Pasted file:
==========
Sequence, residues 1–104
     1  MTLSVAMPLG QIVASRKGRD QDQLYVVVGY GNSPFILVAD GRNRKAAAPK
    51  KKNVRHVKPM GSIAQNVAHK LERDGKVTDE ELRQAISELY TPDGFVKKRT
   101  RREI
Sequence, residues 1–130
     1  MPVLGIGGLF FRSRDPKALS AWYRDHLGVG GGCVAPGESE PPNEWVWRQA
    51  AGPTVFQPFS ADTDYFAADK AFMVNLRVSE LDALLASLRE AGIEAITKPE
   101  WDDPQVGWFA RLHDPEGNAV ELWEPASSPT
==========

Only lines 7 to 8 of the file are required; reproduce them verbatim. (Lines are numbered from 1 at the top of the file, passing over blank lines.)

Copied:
    51  AGPTVFQPFS ADTDYFAADK AFMVNLRVSE LDALLASLRE AGIEAITKPE
   101  WDDPQVGWFA RLHDPEGNAV ELWEPASSPT